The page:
- File Size: 1713 KB
- Print Length: 540 pages
- Simultaneous Device Usage: Unlimited
- Publication Date: April 27, 2018
- Sold by: Amazon.com Services LLC
- Language: English
- ASIN: B07CG36L43
- Text-to-Speech: Enabled
- Word Wise: Enabled
- Lending: Enabled
- Amazon Best Sellers Rank: #227,669 Paid in Kindle Store (See Top 100 Paid in Kindle Store)
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The secondary flipped-Cinderella trope is well done, occasionally amusingly lampshaded (look it up on TV Tropes if you don't know what that means). The family is all still reeling from the death of her second husband, and coping with the straitened finances that resulted from how he died. The kids include quiet math whiz Alicia and colorfully flamboyant bully-target Joshua (Marcia's children with the first husband she lost), and pretty Cindy (her second husband's daughter, spoiled by her snobbish and flighty paternal aunt). Immature Cindy has become convinced that Marcia is an evil stepmother, but Marcia's really just trying to do her best for all three of her teenagers.
The Night Elves are a unique new approach to blood-drinkers (Don't say "vampires", and especially don't expect the sexy-alpha-predator sort you find in recent fiction trends!). The hero, a millennia-old troubleshooter, in addition to fitting the classic Clark Kent/Sir Percy Blakeney deliberately-overlookable-and-underestimatable model I happen to love, is another dedicated parent, determined to save his waning race.
It's really cute and clever how in Night Elves' mental imagery and metaphors, "dark" (and "bloody") things are good, and "bright" things are bad. It's also funny to have a handsome, young-looking guy whose tech-savvy and other attitudes are often closer to a stubborn, elderly grandfather's, even if he does consider himself one of the most adaptable of his people. The relationship-dynamics are interesting and problematic: Night Elves generally find humans *SPOILER*(humans potentially of either gender) *END SPOILER* more attractive than their own people, and blood-bonding has a sexual component, but the two races are NOT interfertile.
There's a good balance of realistic emotional complications (just because you're attracted to someone doesn't mean all the other priorities and principles in your life fall aside) and exciting action conflicts. One global revelation causes a true dilemma of conflicting loyalties and doubts, added to Marcia's reasonable misgivings about tying her life to Dare, who has kept some pretty big secrets of his own.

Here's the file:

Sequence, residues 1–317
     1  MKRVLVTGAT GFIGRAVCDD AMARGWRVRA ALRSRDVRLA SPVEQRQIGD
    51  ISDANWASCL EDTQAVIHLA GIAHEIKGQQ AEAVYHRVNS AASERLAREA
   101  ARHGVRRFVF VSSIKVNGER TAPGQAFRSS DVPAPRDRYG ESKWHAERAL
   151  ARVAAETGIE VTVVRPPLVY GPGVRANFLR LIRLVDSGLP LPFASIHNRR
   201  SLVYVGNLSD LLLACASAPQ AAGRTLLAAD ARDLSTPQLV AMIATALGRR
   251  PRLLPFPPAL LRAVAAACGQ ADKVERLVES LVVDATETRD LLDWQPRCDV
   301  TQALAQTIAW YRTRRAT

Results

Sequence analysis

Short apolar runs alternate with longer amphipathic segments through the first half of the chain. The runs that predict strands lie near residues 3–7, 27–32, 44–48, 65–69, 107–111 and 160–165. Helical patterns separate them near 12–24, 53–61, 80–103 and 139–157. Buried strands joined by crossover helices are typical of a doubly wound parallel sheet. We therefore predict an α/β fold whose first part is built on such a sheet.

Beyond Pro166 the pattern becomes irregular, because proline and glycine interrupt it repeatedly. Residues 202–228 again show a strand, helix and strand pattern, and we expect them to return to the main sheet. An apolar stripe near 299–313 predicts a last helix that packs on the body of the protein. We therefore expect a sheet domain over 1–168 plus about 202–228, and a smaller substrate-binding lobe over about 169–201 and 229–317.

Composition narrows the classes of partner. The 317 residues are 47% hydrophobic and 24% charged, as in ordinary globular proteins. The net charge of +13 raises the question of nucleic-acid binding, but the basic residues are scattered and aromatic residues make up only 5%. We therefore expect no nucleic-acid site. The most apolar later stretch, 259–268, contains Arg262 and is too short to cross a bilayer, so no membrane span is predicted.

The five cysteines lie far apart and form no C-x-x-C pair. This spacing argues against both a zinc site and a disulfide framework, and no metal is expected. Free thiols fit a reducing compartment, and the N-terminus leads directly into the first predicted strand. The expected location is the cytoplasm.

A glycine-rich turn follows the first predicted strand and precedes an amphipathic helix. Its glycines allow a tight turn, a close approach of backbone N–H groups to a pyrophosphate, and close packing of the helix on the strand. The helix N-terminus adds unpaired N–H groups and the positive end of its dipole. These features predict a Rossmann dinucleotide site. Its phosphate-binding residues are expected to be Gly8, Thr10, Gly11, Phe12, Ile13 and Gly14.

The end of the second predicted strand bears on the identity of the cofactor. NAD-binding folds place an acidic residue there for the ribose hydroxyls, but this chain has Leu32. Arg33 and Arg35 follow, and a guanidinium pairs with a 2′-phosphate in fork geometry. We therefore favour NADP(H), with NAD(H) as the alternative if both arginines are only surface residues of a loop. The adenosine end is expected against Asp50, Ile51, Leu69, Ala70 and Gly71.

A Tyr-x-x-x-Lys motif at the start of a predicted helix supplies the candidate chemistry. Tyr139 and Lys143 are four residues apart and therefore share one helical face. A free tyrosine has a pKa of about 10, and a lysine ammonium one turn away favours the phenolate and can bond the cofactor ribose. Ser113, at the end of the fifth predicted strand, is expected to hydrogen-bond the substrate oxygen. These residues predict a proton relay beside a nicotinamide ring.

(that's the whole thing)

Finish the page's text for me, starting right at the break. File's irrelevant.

N.b., said revelation may have already been known to readers who started with CG's earlier "I BRING THE FIRE" books, unlike me. I decided to dive into this story because it's described as a stand-alone, i.e., less commitment than a long series before getting resolution, and sounded interesting.
I did enjoy it (even if the tenses used kept making me mentally stumble), and the ending is satisfying and hopeful. It'd be interesting to see more of how things unfold, but it's not required. However, I definitely was at a bit of a handicap getting a handle on this world's twists on Norse and fey mythology, and learning all the secondary characters w/o knowing any more of their circumstances than the leads do. Though Dare can perceive more about the magical forces involved, even he, as a newly-arrived ambassador, doesn't have the backstories or know these people yet.
As for the editing, I didn't catch any places where tenses were *misused* rather than merely awkward (IMHO), but there *were* more than a handful of other things I noted, though most of them didn't much impair my enjoyment of the characters, plot, and moments of humor. I wish there were an easy way to share Kindle annotations directly with authors, since indy e-published books can often be corrected. I won't list all the minor goofs here, though, because I don't like what I've heard from other authors re. the draconian and too-hasty way Amazon handles such reports. There's only one error that's at the content level, not line editing: the same observation (re. why Marcia, Alicia, and Joshua were invited to a party) was made on two consecutive pages. See the Goodreads version of my review, if such things as typos and grammar-nitpicking matter to you.